Stab Magazine | Breaking down Kelly Slater's 540, with Dane Reynolds and more
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Breaking down Kelly Slater’s 540, with Dane Reynolds and more

If you surf, if you enjoy even a modicum of performance, then you probably couldn’t believe it when two days ago, Kelly Slater – ever the hypebeast – pushed surfing forward yet again with the world’s first frontside 540. The internet has been in appropriate meltdown since, and understandably; Surfing’s most inconvenient truth is that […]

news // Mar 8, 2016
Words by stab
Reading Time: 6 minutes

If you surf, if you enjoy even a modicum of performance, then you probably couldn’t believe it when two days ago, Kelly Slater – ever the hypebeast – pushed surfing forward yet again with the world’s first frontside 540. The internet has been in appropriate meltdown since, and understandably; Surfing’s most inconvenient truth is that Kelly Slater is 42 years old and still doing things that not even the freshest-knee’d tour sophomores or professional freesurfers whose lives are dedicated to being the first to land things like this can do.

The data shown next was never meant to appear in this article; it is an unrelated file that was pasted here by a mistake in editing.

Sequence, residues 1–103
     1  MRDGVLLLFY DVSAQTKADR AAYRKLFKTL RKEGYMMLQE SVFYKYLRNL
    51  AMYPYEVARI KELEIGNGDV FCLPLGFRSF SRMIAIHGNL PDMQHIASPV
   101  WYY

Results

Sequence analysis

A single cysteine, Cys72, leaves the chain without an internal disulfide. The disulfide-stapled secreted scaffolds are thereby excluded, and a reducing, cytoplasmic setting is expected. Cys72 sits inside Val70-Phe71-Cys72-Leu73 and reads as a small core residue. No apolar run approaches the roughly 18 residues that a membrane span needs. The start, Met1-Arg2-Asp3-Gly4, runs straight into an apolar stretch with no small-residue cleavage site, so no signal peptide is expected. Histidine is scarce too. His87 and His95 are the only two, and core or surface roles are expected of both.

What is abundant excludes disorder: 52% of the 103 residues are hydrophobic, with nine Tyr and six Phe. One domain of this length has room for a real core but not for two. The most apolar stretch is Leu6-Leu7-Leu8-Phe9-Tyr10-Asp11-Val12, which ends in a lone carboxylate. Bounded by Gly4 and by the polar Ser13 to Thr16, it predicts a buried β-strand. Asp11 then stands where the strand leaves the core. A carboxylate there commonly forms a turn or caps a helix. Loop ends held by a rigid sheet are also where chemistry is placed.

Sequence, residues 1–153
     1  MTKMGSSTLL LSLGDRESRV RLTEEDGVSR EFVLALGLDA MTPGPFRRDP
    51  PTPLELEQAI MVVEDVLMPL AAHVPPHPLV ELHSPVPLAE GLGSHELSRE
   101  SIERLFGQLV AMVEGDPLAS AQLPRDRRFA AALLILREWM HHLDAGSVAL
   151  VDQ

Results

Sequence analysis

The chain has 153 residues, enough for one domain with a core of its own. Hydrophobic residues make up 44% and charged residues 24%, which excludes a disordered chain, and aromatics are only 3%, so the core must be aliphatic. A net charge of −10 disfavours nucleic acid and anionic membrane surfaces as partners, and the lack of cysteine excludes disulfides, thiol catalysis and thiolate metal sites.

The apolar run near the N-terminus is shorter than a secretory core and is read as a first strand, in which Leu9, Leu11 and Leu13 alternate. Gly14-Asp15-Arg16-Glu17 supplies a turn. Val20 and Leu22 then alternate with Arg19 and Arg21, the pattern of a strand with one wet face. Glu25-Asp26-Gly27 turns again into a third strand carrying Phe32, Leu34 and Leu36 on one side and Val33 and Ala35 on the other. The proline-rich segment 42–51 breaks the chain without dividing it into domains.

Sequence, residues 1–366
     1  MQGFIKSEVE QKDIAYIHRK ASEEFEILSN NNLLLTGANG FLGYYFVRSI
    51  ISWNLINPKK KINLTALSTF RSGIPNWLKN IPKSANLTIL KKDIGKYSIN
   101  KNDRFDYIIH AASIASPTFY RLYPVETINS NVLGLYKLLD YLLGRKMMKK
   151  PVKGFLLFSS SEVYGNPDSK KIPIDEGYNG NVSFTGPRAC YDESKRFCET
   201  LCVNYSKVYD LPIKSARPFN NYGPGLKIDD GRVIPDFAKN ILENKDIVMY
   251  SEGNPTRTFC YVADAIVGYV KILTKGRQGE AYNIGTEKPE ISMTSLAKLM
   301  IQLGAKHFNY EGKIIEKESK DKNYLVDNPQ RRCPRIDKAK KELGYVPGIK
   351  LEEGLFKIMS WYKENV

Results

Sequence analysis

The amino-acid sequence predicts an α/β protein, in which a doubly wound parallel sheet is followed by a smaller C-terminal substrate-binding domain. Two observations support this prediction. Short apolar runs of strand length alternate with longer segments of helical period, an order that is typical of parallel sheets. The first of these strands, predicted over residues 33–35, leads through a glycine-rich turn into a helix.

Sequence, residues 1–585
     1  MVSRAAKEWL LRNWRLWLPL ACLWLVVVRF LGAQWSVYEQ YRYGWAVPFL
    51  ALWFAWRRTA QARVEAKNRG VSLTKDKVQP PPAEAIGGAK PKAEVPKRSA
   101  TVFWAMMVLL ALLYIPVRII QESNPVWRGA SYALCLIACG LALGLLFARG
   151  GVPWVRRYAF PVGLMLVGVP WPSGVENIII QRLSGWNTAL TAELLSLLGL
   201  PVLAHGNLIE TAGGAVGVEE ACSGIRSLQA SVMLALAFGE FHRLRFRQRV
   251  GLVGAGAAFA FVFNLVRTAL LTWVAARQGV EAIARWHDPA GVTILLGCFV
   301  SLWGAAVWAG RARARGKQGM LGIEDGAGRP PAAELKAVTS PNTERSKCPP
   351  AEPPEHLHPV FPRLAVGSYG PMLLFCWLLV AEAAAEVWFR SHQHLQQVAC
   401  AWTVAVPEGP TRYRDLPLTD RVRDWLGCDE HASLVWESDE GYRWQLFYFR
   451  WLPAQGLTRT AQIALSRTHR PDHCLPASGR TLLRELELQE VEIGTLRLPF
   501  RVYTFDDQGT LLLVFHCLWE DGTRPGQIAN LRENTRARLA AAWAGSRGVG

We’re always horny for the first stomp of a chased manoeuvre, especially when it’s one we’ve been so anxious to see and been tracking so closely.

So, let’s back up a little. In 2013, Stab produced a series called Fly Me to the Moon and one particular episode was around the Race for the 540. We focused on the Alley Oop double spin that Albee Layer pioneered in Maui two years ago (October 2012). But we then discussed the possibility of doing a frontside full rotation air and continuing through another 180 before landing into the revert: A frontside 540.